The Newly Arrived Expat Struggle

Golden Afternoon Light

I have read about a hundred articles and blog posts about how to settle in and build a life in your new community when you move to a new country. Most of them have a few helpful nuggets of wisdom such as “Take some classes”, “volunteer”, and “Get out into your community”. These are things I already know and am working on.

The problem is that nearly all of these articles assume that we 1) moved to a place with a big expat community, 2) have kids and 3) go to church.

The advice is all about contacting those who have come before you and hanging out with them, and/or making friends with the parents of your children’s new school mates.

Well, we live in a city of half a million people and as far as I can find there is only one other expat here, who we will hopefully meet up with soon at a local pub. There is no ready made circle of like minded friends who have already figured out life in my little corner of Brazil, no group of English speakers with whom I can ask questions, get involved or just chat with about the area. No others who have found the hidden gems of the area, the good dry cleaner, the dentist who speaks English, the unpublished weekend craft market or the secret source of good peanut butter.

We have no kids living at home, so there will be no teacher meetings, birthday parties, school functions, or time spent getting to know the other parents while we wait for the little ones to gather their backpacks after school.

We are not church goers, so that’s out.

We don’t even have pets, so there will be no random friends made at the local strip of grass that serves as the dog park, or in the veterinarian’s waiting room.

I don’t have a legal work visa, so there will be no friends made in the work place for me.

These things would all be great advantages and would speed up the process for me, but they’re not completely necessary. OK, so I don’t have any kind of built-in resource for making connections, but I’ll still be able to make them. It will just take longer, and take way more effort on my part.

Effort. The hardest part is summoning up the effort.

It feels like those days when I had newborn babies. It took so much effort, preparation and planning to just leave the house some days that I just didn’t leave the house some days.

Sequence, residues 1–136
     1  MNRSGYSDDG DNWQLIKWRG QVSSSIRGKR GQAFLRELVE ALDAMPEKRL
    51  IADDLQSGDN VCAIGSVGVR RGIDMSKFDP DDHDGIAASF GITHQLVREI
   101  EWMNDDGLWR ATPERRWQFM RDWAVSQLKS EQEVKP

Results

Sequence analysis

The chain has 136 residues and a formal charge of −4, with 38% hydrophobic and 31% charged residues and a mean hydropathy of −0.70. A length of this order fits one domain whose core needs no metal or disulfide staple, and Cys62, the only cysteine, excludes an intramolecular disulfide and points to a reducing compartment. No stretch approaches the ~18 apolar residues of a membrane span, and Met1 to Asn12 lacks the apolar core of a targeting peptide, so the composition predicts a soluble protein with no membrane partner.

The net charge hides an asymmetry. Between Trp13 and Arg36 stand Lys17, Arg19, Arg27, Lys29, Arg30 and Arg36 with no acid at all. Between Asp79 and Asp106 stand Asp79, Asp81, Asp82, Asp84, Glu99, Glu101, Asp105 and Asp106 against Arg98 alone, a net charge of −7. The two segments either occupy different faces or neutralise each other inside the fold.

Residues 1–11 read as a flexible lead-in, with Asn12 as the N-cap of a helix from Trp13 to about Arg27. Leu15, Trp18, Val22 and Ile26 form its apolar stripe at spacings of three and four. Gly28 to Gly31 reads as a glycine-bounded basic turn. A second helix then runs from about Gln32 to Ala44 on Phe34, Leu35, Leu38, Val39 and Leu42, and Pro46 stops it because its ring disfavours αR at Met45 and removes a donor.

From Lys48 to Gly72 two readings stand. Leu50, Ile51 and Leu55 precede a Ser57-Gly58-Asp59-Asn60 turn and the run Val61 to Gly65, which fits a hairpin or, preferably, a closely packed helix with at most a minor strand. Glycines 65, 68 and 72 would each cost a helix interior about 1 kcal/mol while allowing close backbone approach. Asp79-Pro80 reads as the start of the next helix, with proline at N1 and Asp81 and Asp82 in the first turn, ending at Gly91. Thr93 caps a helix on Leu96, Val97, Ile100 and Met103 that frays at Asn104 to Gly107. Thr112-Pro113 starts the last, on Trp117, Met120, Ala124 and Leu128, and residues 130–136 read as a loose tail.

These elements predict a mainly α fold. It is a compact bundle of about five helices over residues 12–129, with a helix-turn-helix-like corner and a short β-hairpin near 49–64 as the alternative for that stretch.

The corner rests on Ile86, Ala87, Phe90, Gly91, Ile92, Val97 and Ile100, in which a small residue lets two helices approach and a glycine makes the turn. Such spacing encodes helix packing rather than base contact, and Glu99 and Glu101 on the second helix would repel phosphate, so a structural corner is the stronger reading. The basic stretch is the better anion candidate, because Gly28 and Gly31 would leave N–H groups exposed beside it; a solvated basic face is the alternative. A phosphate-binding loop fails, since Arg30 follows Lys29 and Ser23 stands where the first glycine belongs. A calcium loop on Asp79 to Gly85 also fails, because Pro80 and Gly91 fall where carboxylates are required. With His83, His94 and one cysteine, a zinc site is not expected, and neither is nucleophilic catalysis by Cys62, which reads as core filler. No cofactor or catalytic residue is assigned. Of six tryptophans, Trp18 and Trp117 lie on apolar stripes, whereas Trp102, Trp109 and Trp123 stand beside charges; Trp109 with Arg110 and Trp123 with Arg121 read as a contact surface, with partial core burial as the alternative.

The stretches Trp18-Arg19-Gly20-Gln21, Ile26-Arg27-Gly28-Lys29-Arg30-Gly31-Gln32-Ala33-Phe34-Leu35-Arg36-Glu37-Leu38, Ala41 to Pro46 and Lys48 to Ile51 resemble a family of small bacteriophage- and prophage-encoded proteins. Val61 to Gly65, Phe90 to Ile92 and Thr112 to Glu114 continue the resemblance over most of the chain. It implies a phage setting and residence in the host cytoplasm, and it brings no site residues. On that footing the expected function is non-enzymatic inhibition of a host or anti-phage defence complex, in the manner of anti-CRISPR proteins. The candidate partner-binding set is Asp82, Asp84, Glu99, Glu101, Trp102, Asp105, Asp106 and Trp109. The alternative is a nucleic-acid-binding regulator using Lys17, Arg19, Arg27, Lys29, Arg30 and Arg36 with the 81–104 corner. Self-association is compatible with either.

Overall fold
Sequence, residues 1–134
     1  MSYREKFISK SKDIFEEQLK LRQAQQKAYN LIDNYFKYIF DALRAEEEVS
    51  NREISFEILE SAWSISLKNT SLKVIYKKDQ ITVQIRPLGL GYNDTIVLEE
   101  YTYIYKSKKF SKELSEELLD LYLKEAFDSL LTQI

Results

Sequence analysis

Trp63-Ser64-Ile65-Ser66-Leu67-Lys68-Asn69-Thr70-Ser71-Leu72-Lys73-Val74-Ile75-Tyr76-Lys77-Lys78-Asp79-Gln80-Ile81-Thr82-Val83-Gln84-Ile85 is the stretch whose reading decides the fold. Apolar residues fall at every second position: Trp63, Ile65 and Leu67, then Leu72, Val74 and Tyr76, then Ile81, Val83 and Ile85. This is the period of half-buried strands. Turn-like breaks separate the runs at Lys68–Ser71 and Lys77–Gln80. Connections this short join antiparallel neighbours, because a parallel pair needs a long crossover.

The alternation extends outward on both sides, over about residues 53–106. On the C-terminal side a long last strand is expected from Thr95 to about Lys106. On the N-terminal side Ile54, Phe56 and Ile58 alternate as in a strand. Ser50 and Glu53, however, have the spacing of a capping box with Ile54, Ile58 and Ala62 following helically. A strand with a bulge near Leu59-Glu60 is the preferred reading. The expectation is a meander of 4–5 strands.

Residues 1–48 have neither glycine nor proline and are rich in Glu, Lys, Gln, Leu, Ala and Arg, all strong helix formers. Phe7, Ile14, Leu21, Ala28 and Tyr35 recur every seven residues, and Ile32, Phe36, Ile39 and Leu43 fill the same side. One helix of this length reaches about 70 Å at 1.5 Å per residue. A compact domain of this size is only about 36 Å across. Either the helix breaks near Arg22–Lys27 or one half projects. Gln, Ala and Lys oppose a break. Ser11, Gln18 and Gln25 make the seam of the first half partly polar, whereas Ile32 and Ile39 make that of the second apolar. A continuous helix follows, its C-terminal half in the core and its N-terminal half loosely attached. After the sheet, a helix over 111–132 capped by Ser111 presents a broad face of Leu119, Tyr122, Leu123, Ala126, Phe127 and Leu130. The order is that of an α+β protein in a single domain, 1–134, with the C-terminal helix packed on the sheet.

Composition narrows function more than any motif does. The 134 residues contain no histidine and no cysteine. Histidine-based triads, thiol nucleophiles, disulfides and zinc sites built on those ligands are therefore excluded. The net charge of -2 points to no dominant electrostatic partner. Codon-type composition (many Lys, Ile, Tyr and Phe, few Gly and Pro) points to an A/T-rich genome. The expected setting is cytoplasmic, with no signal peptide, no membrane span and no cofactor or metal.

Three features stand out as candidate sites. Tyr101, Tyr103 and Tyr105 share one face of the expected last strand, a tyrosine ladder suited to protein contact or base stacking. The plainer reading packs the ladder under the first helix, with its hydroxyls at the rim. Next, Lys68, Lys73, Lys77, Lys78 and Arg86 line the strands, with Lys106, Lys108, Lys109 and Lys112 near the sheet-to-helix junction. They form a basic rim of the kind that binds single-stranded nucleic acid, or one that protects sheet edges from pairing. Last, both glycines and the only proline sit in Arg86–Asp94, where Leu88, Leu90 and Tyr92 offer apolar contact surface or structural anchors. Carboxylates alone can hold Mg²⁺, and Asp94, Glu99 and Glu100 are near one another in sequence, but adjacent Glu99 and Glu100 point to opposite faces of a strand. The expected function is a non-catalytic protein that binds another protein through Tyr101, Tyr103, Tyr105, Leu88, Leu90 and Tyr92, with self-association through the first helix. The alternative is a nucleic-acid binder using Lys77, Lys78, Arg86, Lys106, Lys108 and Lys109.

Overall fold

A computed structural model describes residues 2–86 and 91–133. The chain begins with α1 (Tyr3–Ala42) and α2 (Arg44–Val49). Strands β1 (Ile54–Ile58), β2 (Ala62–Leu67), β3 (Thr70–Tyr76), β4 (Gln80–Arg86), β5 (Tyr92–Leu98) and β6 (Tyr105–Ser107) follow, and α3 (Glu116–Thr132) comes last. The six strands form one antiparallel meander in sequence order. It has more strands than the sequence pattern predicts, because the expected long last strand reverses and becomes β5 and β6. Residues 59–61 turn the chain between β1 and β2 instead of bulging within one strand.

Every time I walk out the door I have to have some idea of where I’m going. I’m still at that stage with my Portuguese where I’ll need to look up a few specific words to handle whatever objective I’m out to tackle for the day whether it’s a trip to the dry cleaner or a scouting mission to the plant shop. Living between three countries over the last two years means that I have to make a focused effort to remember what language to use just to say good morning to the neighbors. I suck at small talk even in my own language, so it’s a ridiculous and awkward struggle to do it in another.

We’ve been back for a week and a half, and I can only indulge my inner hermit and stay in the house for so long. The time is coming when I’ll need a regular life outside these walls. I’m looking into some classes, I’ve talked to the sindicate of our apartment complex (kind of like a maître d’) and she’s on the look out for other expats, and for prospective English students for me. We’ll soon meet up with our friends whom we connected with last time we’re here, and we’ll soon meet up with our one and only expat contact. We’re getting there, and the wheels are starting to slowly turn.

There’s a big city out there to get to know, and a life waiting to be built within its boundaries. It’s going to take a while though.


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About akil3655

A Scotsman and his American photographer wife traveling the world and writing about it. Tales, reviews, photos, interviews and crazy goings on. Because you never know what's going to happen.

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31 Responses to The Newly Arrived Expat Struggle

  1. jim October 8, 2013 at 2:54 pm #

    You have the skills, we know that. You know that. It’s just a shame you have to do it all over again! I have found the owners of small businesses/boutiques to be a good source of light conversation and inquisitive musings. All the better if they speak just a bit of English. Good luck. I really enjoyed your reports of local wanderings and descriptions of local finds from your last place of residence in Brazil. Good luck venturing out of the house.

    • akil3655
      Twitter: kiltandacamera
      October 8, 2013 at 3:02 pm #

      Thanks, Jim! Good tip about the local shop owners. That reminds me that I did strike up a conversation with the Asian food store owner when we were here before. She speaks some English, and is from South Korea. I’ll need to go talk to her again.

      Here we go!
      akil3655 recently posted..The Newly Arrived Expat StruggleMy Profile

  2. Amanda October 8, 2013 at 3:26 pm #

    You know, you are kind of stuck in the middle of two cities with large expat communities (Campinas and SP), but yet you dont have any around you. I remember when I first moved to SP I had no one but my husband and his friends who are all doctors, so trying to have a conversation with them was impossible. I stayed inside mainly because I didnt want to make the effort of going out on my own either. Its difficult in a country where the culture is so much different than the one you grew up in. But now, I almost cant stand to be in the house too long.